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I write on behalf of Maryland Catholics, particularly the Catholic community of Anne Arundel County, clergy and laity, who have been insulted and greatly offended by a pair of half-page editorial cartoons published in recent successive Sunday editions of The Anne Arundel County Sun.

My purpose is to characterize the cartoons as blatant religious bigotry of a kind not seen in this part of the country for decades, and to protest in the strongest possible terms their publication by The Anne Arundel County Sun.

The first cartoon, published Aug. 25, portrays a county public school principal as a Catholic prelate who wields a grotesque iron fistas he reads from Scripture. The words "I come not to send peace, buta sword" -- a particularly offensive profanation of the Christian message -- appear on the page to which he has opened.

The second cartoon, published a week later, dressed the principal in a Catholic bishop's episcopal robes. Again, a Christian symbol is profaned: On the cross he wears appear the words "fear" and "intimidation."

The principal, identified by The Anne Arundel County Sun as a Catholic, appears from the newspaper's accounts to have interpreted county school policy in a way that includes abortion among behaviors that might posedanger or cause harm to high school girls.

Clearly, there is basis for concern regarding the risks that attend abortions performed here in Maryland, where government resolutely has refused to set and enforce health and safety standards for clinics and medical offices in which legal abortions are performed.

This failure of state policy was the subject of a CBS "60 Minutes" segment in April. The focuses ofthe segment were three victims of unsafe, unregulated (but legal) abortion procedures available in Maryland: One was dead; the second, consigned to a Baltimore nursing home, completely paralyzed, unable to even speak; the third, rendered sterile.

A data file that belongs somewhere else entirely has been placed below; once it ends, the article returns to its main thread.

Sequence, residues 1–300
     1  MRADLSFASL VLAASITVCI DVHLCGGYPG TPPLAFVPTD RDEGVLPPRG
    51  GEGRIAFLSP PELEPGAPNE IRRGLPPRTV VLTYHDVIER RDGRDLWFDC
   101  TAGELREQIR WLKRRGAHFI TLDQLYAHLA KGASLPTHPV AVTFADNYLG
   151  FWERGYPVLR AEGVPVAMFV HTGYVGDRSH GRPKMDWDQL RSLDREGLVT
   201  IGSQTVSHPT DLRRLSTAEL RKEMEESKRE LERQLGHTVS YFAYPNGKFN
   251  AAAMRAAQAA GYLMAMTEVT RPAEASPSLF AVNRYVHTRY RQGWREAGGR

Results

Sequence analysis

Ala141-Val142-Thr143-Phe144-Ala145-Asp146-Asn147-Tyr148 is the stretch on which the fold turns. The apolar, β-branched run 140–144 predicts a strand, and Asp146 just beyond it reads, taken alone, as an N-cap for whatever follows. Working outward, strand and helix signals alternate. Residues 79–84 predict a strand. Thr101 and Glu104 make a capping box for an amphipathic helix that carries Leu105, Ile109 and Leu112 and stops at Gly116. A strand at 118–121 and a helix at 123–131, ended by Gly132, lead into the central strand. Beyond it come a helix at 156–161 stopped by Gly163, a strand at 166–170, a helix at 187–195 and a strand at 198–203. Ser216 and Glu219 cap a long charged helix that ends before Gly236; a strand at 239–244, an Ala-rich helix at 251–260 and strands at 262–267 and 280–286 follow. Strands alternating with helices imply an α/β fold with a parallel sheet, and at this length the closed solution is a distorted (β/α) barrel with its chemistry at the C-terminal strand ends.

Just as clearly as there is reason for concern about abortion risks, there also is basis for concern that the compassion and guidance of a caring adult should be available to the teen-ager who experiences post-abortion stress,or whocontemplates abortion but not its attendant physical and psychological health risks.

If school officials cannot play this crucial guidance role, who will? Not parents in most cases. Parental rights in this regard have been denied by a state legislature whose members refuse to require physician-abortionists to communicate with parents of teen-agers who contemplate or have undergone abortion operations.

The practices of one such Maryland physician are the subject of a lawsuit instituted last year by a mother who was not informed of her 16-year-old daughter's abortion until it was too late. The lawsuit accusesthe physician of "negligently and recklessly" puncturing the girl's uterus and cervix and then leaving her on the operating table of his Laurel office for four hours, "bleeding to death," without monitoringher vital signs.

Fair-minded people are likely to support an educator whose motivation is the health and safety of his students, especially where, as here, other public health officials have avoided their own responsibility and prevented parents from exercising theirs. Still, The Anne Arundel County Sun has every right to criticize the principal's actions and question his motivation. So has anyone else.

But the cartoons push the right to free expression to its limits. They are inflammatory and defamatory. The stereotypes they perpetuate are offensive and hurtful to Catholics. They hold up the Catholic Church and its hierarchy to ridicule because of its teaching. They hold upa man to ridicule because he is a Catholic.

We earnestly hope that religious bigotry will not again be injected into the public debateof abortion or any other matter. The Sunpapers and all the media should serve as a guardian against this sort of behavior, not, as here, its perpetrator.

Editor's Note: Richard J. Dowling is executive director of the Annapolis-based Maryland Catholic Conference.

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